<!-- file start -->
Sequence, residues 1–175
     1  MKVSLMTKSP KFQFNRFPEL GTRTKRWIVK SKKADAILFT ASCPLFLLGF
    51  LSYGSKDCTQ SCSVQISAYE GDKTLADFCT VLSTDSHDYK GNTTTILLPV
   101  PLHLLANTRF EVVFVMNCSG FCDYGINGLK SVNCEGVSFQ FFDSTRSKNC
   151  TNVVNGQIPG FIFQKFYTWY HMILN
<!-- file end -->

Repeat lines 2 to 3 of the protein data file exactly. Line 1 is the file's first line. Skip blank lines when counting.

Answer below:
     1  MKVSLMTKSP KFQFNRFPEL GTRTKRWIVK SKKADAILFT ASCPLFLLGF
    51  LSYGSKDCTQ SCSVQISAYE GDKTLADFCT VLSTDSHDYK GNTTTILLPV